“Ah, just the ticket. Nanny always said sweet tea was the thing for frayed nerves. Though why it has to be sweet I couldn’t tell you.” — Violet Crawley
“Of course I’ve heard, why else would I be here?” — Violet Crawley
“Why does every day involve a fight with an American?” — Violet Crawley
“Why do you always have to pretend to be nicer than the rest of us.” — Violet Crawley
“He flatters me. I’m tougher than I look.” — Violet Crawley
“The one thing we don’t want is a poet in the family.” — Violet Crawley
“Then pity your wife, whose fortune must go to this odd young man, who talks about ‘weekends’ and ‘jobs.'” — Violet Crawley
You were quite right. When something bad happens, there’s no point in wishing it had not happened. The only option is to minimize the damage. — Violet Crawley
“Well I doubt I’d expect to curtsey to Their Majesties in June, when I’d been arrested at a riot in May, but then I’m old. Things may be different now.” — Violet Crawley
“My imagination is running riot.” — Violet Crawley
“Not if it isn’t in their best interests.” — Violet Crawley
“Please don’t think we’re grateful for your enthusiasm Mrs. Crawley, but there comes a time when things are best left to the proffessionals.” — Violet Crawley
“Put an end to her meddling.” — Violet Crawley
“No one can foresee the future, Doctor. Not you, not I, and certainly not Mrs. Crawley.” — Violet Crawley
“Robert dear, I don’t mean to sound harsh — 24 years ago you married Cora, against my wishes, for her money. Give it away now, what was the point of your peculiar marriage in the first place?” — Violet Crawley
“No. I couldn’t have electricity in the house. I wouldn’t sleep a wink. All those vapors seeping about.” — Violet Crawley
“He’s Robert’s third cousin once removed. I have never, to my knowledge, set eyes on him.” — Violet Crawley
“My dear, I didn’t come here to fight. Lord Grantham wanted to protect the estate. It never occurred to him that you wouldn’t have a son.” — Violet Crawley
“Is that what they call discussion in New York?” — Violet Crawley
“We are allies, my dear, which can be a good deal more effective.” — Violet Crawley
“I didn’t run Downton for 30 years to see it go, lock, stock and barrel, to a stranger from God knows where.” — Violet Crawley
“The queen of Naples was a stalwart figure. I take it as a compliment.” — Violet Crawley
“I never cared for James. He was too like his mother, and a nastier woman never drew breath.” — Violet Crawley
Logical, linguistical, intellectual, and sometimes a bit shrewd Violet Crawley is a Rational.
David West Keirsey (August 31, 1921 – July 31, 2013)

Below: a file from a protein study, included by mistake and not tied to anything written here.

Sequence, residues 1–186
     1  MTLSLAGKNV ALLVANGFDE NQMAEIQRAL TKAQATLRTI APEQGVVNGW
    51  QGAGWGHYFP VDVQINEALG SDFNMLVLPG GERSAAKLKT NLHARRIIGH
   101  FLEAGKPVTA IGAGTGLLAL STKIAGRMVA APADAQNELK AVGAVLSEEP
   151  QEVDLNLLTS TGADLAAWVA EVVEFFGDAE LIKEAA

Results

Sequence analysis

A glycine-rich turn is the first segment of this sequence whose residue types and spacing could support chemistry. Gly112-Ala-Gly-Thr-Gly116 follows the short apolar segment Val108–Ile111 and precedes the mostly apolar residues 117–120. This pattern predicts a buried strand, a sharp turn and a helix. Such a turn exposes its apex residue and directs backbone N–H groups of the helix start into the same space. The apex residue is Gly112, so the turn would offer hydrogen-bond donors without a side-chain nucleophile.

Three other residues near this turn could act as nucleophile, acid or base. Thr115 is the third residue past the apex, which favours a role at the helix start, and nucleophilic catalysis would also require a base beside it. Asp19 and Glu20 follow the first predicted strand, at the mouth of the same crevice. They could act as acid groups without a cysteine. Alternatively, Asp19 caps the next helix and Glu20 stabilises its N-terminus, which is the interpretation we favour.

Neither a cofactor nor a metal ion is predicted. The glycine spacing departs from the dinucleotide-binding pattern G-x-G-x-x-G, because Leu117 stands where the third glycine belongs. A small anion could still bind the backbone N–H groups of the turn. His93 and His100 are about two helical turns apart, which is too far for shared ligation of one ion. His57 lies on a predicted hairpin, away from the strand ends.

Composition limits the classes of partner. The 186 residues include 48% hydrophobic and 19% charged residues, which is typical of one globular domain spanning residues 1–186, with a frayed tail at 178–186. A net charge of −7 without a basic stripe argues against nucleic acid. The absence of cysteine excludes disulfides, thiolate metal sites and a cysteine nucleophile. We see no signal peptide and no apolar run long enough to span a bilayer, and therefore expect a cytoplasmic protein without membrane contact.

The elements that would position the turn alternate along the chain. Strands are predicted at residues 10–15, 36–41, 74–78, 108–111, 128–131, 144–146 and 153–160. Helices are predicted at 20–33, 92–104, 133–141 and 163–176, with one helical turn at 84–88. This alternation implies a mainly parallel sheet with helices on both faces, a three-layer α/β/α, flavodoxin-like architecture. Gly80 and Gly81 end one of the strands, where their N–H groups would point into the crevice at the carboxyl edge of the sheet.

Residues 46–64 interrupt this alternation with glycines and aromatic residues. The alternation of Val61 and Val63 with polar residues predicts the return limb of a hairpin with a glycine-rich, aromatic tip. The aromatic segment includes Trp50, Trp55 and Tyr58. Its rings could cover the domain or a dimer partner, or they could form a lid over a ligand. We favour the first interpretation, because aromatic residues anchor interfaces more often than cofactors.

re-: Latin – ‘again‘
–imagin-: Latin imaginari – ‘picture to oneself,’
–ing: Germanic -ung – Gerund – ‘continuing action‘
My father died on July 30th, 2013 and I intend to honor him, if I can, by writing a blog about him and his ideas every year. First year, Second Year, Third Year
His ideas still have use because his ideas are slow ideas. Moreover, his ideas have wider applicability if re-imagin-ed, judiciously.
Only the educated and self-educated are free.
“… Up to that time I had learned a lot, but not at school. I began reading when I was seven. Read (most of) a twelve volume set of books my parents bought, Journeys through Bookland. Read countless novels thereafter, day in and day out. I educated myself by reading books. Starting at age nine my family went to the library once a week, I checking out two or three novels which I would read during the week. Then, when I was sixteen, I read my father’s copy of Will Durant’s The Story of Philosophy. I read it over and over again, now and then re-reading his account of some of the philosophers.” [Turning Points, David West Keirsey, 2013]
“I mention Durant’s book The Story of Philosophy because it was a turning point in my life, I too, become a scholar as did Durant, thereafter reading the philosophers and logicians—anthropologists, biologists, ethologists, ethnologists, psychologists, sociologists, and, most important, the etymologists, all of the latter—Ernest Klein, Eric Partridge, Perry Pepper, and Julius Pokorny—of interest to me now as then.” [Turning Points, David West Keirsey, 2013]
When I arrived on the scene (about 30 years later) upon which my father and I started debating about ideas. He was well educated, and more importantly self-educated, in Philosophy and Psychology. He considered himself to be the last of the Gestalt Psychologists at the end of his life.
Being a “hard” science kind of guy by nature but always being questioned by my “Gestalt” psychologist father, I always, in the back of my mind, questioned the basic assumptions taught to me in school — like the physics concept of “mass.” I couldn’t put my finger on exactly what was wrong or what issues were being finessed, for I figured that I was either ignorant or not bright enough to know better.
“If you don’t understand something said,
don’t assume you are at fault.”
— David West Keirsey
My father was called Dr. Matrix by his staff at Covina School District. He considered himself as an self taught expert in Qualitative Factor Analysis, because he had to have six semesters of statistics (quantitative and correlative) as a PhD requirement for psychology, and found that those techniques missed important factors and meaning. Rather, he looked for systematic (and wholistic) patterns in human action, using the principles of Gestalt psychology. I often would be his sounding board on his tentative propositions in characterizing the observable action patterns.